Human rights commissioner Nils Muižnieks has urged Croatia to eliminate shortcomings in transitional justice, immigration and media freedom.
Muižnieks is concerned about the recent regression of inter-state co-operation in the region on the prosecution of wartime crimes committed during the 1990s.
“It is worrying to see the persistence of impunity in Croatia for certain serious human rights violations committed in the past,” states the Commissioner for Human Rights. “The authorities should put an end to this, and effectively prosecute, try and sanction the perpetrators of wartime crimes.”
Whilst welcoming the enactment of the law which provides for reparation for the victims of wartime crimes of sexual violence, Muižnieks calls on the authorities to remedy the remaining shortcomings in the law and in its implementation.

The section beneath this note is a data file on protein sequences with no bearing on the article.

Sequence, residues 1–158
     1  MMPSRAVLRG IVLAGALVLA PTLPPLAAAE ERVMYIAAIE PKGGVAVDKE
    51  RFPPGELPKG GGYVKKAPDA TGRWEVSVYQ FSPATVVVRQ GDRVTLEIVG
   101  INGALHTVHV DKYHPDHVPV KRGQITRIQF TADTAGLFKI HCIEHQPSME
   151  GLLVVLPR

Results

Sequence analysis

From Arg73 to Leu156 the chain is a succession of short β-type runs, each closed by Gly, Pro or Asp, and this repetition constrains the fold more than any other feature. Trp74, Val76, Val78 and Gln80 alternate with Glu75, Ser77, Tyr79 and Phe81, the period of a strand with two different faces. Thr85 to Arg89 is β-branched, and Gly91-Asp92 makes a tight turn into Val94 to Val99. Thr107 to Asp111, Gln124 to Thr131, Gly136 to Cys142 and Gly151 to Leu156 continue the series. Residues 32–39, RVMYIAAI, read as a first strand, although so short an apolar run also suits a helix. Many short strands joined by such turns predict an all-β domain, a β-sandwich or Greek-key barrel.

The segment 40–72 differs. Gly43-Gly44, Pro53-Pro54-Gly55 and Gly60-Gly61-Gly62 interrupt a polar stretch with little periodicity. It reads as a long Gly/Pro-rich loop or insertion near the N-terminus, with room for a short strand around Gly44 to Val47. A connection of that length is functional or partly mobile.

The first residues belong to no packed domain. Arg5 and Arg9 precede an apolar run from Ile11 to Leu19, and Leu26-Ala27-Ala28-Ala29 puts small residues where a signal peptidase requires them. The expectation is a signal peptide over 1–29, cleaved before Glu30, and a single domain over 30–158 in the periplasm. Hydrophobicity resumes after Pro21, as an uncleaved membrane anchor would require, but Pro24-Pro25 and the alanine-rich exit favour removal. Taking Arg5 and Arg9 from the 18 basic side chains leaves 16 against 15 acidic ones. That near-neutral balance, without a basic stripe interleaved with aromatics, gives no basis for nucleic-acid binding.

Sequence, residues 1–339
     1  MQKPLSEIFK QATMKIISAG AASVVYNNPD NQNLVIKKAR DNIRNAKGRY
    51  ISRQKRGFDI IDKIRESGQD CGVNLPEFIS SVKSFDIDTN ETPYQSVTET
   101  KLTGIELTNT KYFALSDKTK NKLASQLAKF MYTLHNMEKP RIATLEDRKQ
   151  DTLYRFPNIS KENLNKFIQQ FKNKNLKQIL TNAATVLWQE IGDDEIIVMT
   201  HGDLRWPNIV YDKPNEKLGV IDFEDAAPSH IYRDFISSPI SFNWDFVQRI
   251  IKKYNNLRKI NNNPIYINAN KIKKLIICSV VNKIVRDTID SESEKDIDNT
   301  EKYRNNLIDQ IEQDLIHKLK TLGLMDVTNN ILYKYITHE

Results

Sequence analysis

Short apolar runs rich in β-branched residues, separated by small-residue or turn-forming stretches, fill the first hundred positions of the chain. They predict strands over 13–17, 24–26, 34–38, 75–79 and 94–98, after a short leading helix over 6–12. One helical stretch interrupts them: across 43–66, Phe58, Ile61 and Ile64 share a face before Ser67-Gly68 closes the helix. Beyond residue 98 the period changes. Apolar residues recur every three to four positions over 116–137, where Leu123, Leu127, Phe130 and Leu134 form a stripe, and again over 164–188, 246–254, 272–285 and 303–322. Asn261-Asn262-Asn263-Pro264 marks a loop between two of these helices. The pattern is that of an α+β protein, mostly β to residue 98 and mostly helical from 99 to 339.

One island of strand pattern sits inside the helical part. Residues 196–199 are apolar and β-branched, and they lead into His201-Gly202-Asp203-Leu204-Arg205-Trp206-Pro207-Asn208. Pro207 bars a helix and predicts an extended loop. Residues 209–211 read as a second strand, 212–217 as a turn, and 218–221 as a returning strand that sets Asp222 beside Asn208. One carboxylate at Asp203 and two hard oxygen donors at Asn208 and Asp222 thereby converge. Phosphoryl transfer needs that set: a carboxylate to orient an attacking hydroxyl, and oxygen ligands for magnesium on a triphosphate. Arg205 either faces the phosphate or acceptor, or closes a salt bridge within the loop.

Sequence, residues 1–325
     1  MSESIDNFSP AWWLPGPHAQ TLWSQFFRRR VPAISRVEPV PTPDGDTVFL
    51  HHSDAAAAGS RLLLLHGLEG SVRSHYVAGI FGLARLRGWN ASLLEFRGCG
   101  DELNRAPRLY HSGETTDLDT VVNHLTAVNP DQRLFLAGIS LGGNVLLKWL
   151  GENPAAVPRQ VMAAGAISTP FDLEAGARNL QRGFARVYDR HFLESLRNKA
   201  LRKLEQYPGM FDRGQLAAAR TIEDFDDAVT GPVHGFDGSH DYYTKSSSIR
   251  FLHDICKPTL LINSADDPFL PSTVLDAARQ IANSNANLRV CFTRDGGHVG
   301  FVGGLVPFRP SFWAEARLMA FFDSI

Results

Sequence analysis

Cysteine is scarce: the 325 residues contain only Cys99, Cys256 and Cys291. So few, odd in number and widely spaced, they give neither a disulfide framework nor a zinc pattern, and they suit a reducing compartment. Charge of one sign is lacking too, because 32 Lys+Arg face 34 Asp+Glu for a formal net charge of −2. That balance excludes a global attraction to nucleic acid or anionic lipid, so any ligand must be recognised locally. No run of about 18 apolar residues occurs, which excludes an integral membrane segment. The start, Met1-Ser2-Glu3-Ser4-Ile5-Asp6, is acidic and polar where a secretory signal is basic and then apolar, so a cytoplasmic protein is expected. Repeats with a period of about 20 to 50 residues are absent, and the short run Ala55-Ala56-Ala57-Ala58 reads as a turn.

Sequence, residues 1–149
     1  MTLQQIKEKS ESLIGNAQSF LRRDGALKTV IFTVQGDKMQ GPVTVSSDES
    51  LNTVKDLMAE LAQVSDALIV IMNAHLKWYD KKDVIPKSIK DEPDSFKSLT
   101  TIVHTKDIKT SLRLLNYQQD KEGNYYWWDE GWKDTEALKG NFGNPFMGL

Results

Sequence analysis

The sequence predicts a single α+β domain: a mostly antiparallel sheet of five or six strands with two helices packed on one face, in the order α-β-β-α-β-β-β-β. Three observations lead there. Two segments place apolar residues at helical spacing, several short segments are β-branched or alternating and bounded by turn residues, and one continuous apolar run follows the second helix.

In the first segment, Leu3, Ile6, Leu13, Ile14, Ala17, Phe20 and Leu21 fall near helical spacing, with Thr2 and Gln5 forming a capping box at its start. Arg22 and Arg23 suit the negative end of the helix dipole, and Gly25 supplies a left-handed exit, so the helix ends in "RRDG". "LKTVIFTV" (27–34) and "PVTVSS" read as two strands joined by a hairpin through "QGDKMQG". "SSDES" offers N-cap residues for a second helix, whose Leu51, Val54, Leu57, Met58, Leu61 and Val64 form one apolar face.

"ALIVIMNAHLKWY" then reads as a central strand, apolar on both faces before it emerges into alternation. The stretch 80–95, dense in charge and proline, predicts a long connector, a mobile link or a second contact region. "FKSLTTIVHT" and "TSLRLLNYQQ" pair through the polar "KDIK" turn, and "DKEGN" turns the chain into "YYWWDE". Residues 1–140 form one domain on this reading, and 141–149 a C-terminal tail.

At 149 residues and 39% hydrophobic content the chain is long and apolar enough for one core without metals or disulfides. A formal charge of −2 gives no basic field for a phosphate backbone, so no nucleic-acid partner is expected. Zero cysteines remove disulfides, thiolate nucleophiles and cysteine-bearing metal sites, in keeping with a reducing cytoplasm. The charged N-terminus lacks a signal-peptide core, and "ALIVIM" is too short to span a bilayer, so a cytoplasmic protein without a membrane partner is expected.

He wants Croatia to ensure that all victims of war-related crimes and their families are provided with effective access to justice and adequate reparation.
Commending the authorities’ efforts to ensure adequate conditions for the return of persons displaced during the 1991-1995 armed conflict, the commissioner recommends that the authorities pay more attention to the needs of returnees belonging to national minorities, so that they can fully enjoy their economic, social, cultural and linguistic rights.
He also urges Croatia to accede to the Council of Europe treaties concerning nationality and statelessness and to improve its legislation to resolve the problem of more than 2 800 persons, including Roma without permanent or temporary residence in the country, who remain stateless or are at risk of statelessness.
The reported rise in manifestations of ethnic intolerance and hate crime and its negative impact on social cohesion in Croatia should urgently be addressed. “It is positive that the legislative and institutional framework in this field has been strengthened. Now there should be more resolute action to ensure awareness-raising and the effective implementation of this legislation, particularly by improving the system of recording hate crime data and by systematically training law enforcement officials and legal professionals.”